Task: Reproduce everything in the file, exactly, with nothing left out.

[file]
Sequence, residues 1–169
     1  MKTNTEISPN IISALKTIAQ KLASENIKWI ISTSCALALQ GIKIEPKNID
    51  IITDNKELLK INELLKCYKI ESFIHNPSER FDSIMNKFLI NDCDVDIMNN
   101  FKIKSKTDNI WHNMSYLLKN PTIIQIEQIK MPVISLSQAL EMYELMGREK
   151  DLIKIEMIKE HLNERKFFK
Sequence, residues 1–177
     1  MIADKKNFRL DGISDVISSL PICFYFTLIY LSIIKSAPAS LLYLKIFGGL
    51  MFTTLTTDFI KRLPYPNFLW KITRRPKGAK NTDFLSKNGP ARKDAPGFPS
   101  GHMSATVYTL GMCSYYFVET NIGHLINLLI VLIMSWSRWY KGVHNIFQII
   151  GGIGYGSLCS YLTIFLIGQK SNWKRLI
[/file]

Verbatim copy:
Sequence, residues 1–169
     1  MKTNTEISPN IISALKTIAQ KLASENIKWI ISTSCALALQ GIKIEPKNID
    51  IITDNKELLK INELLKCYKI ESFIHNPSER FDSIMNKFLI NDCDVDIMNN
   101  FKIKSKTDNI WHNMSYLLKN PTIIQIEQIK MPVISLSQAL EMYELMGREK
   151  DLIKIEMIKE HLNERKFFK
Sequence, residues 1–177
     1  MIADKKNFRL DGISDVISSL PICFYFTLIY LSIIKSAPAS LLYLKIFGGL
    51  MFTTLTTDFI KRLPYPNFLW KITRRPKGAK NTDFLSKNGP ARKDAPGFPS
   101  GHMSATVYTL GMCSYYFVET NIGHLINLLI VLIMSWSRWY KGVHNIFQII
   151  GGIGYGSLCS YLTIFLIGQK SNWKRLI